Work Breakdown

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Work Breakdown by Mind Map: Work Breakdown

1. Why "small batch size" REALLY matters?

1.1. early feedback and visibility

1.1.1. customer

1.1.2. technical

1.1.3. address risks early

1.1.4. challenge unvalidated assumptions

1.1.5. early course correction

1.2. early benefits

1.2.1. learning

1.2.2. financial

1.3. problems are localised

1.3.1. minimise blast radius

1.3.2. reduce integration/defect effort

1.3.2.1. The smaller the batch size, the sooner errors are caught and the easier the integration is

1.4. less likely to change/evolve while 'In Progress'

1.4.1. less context switching due to less likely to be blocked

1.5. More likely to deliver to Iteration timeboxes

1.5.1. E.g. Fill a space with sand versus filling it with rocks

2. Why it matters now?

2.1. we will get there once we have automated testing, continuous integration, <add favourite valid excuse>, etc.

2.1.1. make the 'pain' real and unavoidable to fix

2.1.1.1. otherwise it'll get deprioritised into 'good enough for now' land...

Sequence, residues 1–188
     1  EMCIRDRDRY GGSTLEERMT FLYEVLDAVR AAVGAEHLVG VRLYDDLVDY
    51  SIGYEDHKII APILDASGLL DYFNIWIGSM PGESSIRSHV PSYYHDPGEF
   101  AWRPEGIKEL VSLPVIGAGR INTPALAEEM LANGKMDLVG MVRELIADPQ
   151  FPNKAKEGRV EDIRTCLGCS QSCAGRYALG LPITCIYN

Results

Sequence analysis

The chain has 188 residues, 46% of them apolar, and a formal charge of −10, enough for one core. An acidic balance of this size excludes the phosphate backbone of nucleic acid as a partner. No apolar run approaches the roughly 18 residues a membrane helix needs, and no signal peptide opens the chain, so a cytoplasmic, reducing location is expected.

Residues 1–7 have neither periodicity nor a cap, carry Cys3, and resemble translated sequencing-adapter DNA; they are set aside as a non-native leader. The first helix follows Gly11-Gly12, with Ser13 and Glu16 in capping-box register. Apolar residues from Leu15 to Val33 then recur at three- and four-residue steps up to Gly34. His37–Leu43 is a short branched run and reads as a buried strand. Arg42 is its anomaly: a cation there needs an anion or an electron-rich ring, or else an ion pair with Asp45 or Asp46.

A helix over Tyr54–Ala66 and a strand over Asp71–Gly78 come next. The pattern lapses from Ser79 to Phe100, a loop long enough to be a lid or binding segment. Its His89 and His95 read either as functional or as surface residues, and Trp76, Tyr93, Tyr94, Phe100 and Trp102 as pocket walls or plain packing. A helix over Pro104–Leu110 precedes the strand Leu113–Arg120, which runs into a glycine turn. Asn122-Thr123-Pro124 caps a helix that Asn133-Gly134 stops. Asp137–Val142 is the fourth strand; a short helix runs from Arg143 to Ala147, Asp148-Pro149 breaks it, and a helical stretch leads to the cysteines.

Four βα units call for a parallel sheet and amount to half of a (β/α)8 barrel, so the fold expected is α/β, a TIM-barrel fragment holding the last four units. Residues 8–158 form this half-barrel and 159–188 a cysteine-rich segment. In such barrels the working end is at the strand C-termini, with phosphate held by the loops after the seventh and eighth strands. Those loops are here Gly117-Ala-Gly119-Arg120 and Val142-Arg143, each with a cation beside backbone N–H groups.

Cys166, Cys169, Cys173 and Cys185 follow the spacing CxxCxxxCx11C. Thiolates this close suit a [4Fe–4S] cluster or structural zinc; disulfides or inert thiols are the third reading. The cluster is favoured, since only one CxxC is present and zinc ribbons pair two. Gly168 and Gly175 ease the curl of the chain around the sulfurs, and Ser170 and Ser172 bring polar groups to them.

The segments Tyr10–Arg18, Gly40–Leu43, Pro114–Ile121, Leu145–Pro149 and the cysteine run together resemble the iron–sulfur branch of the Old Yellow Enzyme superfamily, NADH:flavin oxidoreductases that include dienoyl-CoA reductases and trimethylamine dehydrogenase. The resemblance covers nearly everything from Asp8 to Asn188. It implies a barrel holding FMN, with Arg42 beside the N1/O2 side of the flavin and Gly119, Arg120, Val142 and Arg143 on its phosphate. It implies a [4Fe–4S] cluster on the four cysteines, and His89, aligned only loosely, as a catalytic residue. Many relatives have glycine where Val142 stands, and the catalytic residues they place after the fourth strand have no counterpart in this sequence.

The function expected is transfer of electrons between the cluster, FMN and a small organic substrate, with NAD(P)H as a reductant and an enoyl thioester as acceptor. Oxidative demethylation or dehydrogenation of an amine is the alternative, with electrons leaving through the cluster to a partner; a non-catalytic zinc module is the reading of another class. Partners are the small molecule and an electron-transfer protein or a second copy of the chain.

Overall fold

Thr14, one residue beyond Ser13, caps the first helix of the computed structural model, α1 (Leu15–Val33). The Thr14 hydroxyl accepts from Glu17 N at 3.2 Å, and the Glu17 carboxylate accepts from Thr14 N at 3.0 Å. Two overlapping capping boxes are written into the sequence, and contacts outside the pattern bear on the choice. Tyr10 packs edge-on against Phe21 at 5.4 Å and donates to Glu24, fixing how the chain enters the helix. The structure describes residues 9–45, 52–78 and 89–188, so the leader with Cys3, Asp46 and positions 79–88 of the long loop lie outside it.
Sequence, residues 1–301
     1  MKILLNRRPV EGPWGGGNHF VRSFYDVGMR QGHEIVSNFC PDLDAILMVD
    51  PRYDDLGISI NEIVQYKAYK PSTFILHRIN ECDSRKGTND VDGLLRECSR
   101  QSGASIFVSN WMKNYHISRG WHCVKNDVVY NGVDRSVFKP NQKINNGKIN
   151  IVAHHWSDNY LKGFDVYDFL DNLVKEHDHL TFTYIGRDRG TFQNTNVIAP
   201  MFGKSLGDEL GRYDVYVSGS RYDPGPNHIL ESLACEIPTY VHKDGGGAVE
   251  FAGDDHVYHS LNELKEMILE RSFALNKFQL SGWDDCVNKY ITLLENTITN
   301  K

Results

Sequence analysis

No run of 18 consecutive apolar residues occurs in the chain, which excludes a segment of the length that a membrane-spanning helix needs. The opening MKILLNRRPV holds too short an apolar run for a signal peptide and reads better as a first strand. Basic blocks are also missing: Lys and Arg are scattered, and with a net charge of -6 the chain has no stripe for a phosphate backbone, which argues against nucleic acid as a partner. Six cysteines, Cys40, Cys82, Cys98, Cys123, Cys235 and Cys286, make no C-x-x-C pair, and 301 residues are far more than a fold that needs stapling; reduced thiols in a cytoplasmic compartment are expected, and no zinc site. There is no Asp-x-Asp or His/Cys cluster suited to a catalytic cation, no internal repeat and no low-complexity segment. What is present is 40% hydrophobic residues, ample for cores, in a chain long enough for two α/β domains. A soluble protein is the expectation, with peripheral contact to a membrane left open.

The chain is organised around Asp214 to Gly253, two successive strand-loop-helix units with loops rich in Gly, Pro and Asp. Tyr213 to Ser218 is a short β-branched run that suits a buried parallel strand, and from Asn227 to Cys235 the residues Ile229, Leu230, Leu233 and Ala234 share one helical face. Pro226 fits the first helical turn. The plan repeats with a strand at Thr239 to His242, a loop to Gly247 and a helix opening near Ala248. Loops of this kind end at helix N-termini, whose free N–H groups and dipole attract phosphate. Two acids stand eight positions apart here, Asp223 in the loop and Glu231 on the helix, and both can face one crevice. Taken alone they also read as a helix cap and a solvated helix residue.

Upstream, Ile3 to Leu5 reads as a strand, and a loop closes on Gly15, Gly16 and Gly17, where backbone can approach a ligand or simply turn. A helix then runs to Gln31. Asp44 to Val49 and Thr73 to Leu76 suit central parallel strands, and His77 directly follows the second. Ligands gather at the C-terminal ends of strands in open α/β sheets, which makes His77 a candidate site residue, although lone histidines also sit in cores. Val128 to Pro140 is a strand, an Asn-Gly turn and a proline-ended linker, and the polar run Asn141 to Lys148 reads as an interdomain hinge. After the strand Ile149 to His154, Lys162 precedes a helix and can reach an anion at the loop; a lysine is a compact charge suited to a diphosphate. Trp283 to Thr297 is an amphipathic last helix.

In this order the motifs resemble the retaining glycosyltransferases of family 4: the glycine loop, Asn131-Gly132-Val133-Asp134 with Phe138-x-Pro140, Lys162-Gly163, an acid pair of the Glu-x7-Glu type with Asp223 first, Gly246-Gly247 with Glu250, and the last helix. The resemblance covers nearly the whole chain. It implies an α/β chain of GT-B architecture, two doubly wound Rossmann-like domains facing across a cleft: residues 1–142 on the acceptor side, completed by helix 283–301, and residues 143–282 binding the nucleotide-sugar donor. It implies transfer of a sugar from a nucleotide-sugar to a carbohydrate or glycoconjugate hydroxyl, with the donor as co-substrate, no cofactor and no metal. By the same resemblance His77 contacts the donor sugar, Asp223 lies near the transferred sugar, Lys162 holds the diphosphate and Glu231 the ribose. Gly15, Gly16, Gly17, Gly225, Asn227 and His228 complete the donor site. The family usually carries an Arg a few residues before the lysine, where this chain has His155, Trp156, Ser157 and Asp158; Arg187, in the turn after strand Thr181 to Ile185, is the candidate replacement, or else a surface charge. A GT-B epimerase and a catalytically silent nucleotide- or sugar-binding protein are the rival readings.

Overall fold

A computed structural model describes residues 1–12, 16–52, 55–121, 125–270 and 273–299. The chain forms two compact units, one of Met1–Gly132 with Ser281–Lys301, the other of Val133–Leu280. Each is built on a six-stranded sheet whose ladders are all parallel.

2.1.2. you get better at those things that you do often

3. Why vertical over horizontal slicing

3.1. Deliverable

3.2. Prioritisable

3.3. Exposes risks of end-to-end delivery

4. Strategies

4.1. https://medium.com/@chrisverwijs/10-powerful-strategies-for-breaking-down-user-stories-in-scrum-with-cheatsheet-2cd9aae7d0eb

4.2. Mike Cohn SPIDR

4.2.1. Five Simple but Powerful Ways to Split User Stories

4.2.2. poster

5. tips

5.1. progress should be defined in terms of customer outcomes, not tasks, so slice work vertically not horizontally as much as possible

5.1.1. ideally all story/customer request cards are thin vertical slices (under 3 days of work); if that's the case, no need for further task cards

5.1.2. beware of confusing being busy with progress

5.2. If MoSCoW is not helping you, try "if you only could have ONE thing, what would it be?" approach to conversations with customers

5.2.1. discuss the options (diverge)

5.2.2. discuss co-existence needs as well (with existing systems as a means to deliver incrementally deliver)

5.2.3. discuss risks of not delivering it incrementally

5.2.4. address concerns of customers around incremental change and any tendencies to not want to see it until it's all done

5.2.5. address advantages of co-creation versus "bar service" model

5.2.5.1. our goal should be to make our customers better at their job, not just give 'em what they want (or more likely what they think they want)

5.2.5.2. the insight of and diversity of thought in the team, as a co-creation exercise is a key success factor in finding solutions that are cheaper and better than the "requirements"

5.2.5.3. pitch it as co-creation, rather than questioning their authority on why they want something

6. Related to DoD

7. structure/terminology

7.1. project/initiative

7.1.1. MVP

7.1.1.1. feature

7.1.1.1.1. (epic)

7.2. theme